Scholars of conspiracy typically examine the phenomenon on the level of large master plots and superconspiracies, focusing on the phenomenon of semiotic overdrive. At times, we are also motivated by two particularly hygienic impulses: we try to cordon off “warranted” conspiracy theories from their “unwarranted” counterparts, and we reject the label of “paranoid” to describe either the theories or the theorists. This talk argues that, if we move away from intentionality, personal subjectivity, and grand narratives to the level of the utterance and the meme, paranoia can be reclaimed while the truth value of conspiracy becomes less relevant. Drawing on Derrida’s critique of speech after theory, Eliot Borenstein argues that the persistence of conspiracies in popular entertainment points in the direction of a paranoid subject position rather than a paranoid subject, and a conspiratorial mode rather than a full-fledged belief system.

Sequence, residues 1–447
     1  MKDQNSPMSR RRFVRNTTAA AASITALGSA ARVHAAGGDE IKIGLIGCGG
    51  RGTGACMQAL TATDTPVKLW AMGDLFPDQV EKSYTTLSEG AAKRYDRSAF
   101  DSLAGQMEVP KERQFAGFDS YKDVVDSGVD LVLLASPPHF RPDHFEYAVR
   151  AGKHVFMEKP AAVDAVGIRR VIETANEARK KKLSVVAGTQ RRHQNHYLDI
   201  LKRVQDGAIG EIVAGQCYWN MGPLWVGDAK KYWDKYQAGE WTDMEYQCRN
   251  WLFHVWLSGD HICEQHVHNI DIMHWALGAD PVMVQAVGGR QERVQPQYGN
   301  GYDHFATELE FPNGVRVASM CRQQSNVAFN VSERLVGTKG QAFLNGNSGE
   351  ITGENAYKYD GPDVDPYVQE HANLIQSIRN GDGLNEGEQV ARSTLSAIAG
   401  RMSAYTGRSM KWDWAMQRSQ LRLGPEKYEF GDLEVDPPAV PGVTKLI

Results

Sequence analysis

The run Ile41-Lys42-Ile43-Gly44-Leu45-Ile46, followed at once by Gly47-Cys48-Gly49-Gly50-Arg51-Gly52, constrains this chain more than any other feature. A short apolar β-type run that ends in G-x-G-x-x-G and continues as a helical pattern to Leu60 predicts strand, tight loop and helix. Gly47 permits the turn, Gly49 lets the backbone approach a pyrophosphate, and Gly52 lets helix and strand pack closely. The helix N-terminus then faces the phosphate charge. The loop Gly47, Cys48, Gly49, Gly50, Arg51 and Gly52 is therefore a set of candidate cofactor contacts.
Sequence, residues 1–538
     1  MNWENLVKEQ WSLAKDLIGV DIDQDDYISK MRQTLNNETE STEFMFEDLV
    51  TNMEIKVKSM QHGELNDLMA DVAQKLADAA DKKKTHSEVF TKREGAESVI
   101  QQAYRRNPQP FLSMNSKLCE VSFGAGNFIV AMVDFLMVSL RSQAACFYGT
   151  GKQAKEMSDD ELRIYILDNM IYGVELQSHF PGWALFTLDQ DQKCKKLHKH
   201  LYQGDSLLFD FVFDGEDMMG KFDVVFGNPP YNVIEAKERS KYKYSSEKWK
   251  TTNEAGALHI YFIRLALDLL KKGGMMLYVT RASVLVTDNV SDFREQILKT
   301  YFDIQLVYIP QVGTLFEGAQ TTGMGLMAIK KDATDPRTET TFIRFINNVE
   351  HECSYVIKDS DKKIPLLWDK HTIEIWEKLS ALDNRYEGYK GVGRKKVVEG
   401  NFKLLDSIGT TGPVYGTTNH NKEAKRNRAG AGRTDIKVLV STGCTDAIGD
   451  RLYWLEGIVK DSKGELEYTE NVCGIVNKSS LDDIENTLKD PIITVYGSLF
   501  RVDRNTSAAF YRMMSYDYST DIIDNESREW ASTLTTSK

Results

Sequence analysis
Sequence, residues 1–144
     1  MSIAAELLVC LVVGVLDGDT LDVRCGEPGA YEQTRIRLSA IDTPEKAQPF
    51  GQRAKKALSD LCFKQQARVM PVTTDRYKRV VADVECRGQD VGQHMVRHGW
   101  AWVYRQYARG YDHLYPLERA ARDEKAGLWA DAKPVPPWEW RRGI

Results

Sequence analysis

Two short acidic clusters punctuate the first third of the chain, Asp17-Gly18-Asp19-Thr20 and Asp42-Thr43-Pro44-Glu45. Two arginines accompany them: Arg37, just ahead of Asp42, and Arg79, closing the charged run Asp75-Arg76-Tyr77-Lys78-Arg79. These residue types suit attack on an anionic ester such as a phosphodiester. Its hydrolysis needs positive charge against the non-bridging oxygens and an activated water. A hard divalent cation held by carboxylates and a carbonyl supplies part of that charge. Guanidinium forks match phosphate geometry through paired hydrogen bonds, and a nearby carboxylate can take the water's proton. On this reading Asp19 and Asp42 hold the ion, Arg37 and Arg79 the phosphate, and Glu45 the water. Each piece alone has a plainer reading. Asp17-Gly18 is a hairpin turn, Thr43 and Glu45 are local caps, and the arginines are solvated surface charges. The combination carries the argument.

Eliot Borenstein is Professor of Russian and Slavic Studies at New York University. His publications include Men without Women: Masculinity and Revolution in Russian Fiction, 1917 –1919 (2001) and Overkill: Sex and Violence in Contemporary Russian Popular Culture (2008). A 2009 Guggenheim recipient, Borenstein is working on two projects: a monograph entitled Russia’s Alien Nations: Imagining the Other after Socialism, and an essay collection called Catastrophe of the Week: Apocalyptic Entertainment in Post-Soviet Russia. He is also the editor of All the Russias, the blog site and web portal for the NYU Jordan Center for the Advanced Study of Russia (http://jordanrussiacenter.org/all-the-russias/).